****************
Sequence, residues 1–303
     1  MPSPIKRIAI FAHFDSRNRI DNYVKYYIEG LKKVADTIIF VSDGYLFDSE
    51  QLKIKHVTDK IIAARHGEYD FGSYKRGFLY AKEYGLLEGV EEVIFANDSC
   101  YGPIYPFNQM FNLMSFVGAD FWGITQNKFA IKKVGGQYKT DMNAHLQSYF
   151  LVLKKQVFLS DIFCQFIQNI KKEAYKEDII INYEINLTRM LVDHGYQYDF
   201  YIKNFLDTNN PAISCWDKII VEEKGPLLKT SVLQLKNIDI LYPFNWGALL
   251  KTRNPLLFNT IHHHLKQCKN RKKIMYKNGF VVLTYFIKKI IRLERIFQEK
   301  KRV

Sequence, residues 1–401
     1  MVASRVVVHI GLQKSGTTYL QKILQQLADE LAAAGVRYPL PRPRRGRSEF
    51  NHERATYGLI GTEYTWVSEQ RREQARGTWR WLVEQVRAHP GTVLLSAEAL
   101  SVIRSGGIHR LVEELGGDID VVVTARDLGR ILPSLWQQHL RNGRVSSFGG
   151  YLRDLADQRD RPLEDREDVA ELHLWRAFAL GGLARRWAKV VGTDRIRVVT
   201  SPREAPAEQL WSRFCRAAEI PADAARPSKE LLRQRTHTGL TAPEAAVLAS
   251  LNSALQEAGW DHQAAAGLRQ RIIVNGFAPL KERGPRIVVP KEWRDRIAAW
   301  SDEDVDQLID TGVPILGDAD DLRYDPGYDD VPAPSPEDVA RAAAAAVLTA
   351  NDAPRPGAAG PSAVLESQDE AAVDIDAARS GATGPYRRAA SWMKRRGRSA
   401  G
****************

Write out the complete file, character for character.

Sequence, residues 1–303
     1  MPSPIKRIAI FAHFDSRNRI DNYVKYYIEG LKKVADTIIF VSDGYLFDSE
    51  QLKIKHVTDK IIAARHGEYD FGSYKRGFLY AKEYGLLEGV EEVIFANDSC
   101  YGPIYPFNQM FNLMSFVGAD FWGITQNKFA IKKVGGQYKT DMNAHLQSYF
   151  LVLKKQVFLS DIFCQFIQNI KKEAYKEDII INYEINLTRM LVDHGYQYDF
   201  YIKNFLDTNN PAISCWDKII VEEKGPLLKT SVLQLKNIDI LYPFNWGALL
   251  KTRNPLLFNT IHHHLKQCKN RKKIMYKNGF VVLTYFIKKI IRLERIFQEK
   301  KRV

Sequence, residues 1–401
     1  MVASRVVVHI GLQKSGTTYL QKILQQLADE LAAAGVRYPL PRPRRGRSEF
    51  NHERATYGLI GTEYTWVSEQ RREQARGTWR WLVEQVRAHP GTVLLSAEAL
   101  SVIRSGGIHR LVEELGGDID VVVTARDLGR ILPSLWQQHL RNGRVSSFGG
   151  YLRDLADQRD RPLEDREDVA ELHLWRAFAL GGLARRWAKV VGTDRIRVVT
   201  SPREAPAEQL WSRFCRAAEI PADAARPSKE LLRQRTHTGL TAPEAAVLAS
   251  LNSALQEAGW DHQAAAGLRQ RIIVNGFAPL KERGPRIVVP KEWRDRIAAW
   301  SDEDVDQLID TGVPILGDAD DLRYDPGYDD VPAPSPEDVA RAAAAAVLTA
   351  NDAPRPGAAG PSAVLESQDE AAVDIDAARS GATGPYRRAA SWMKRRGRSA
   401  G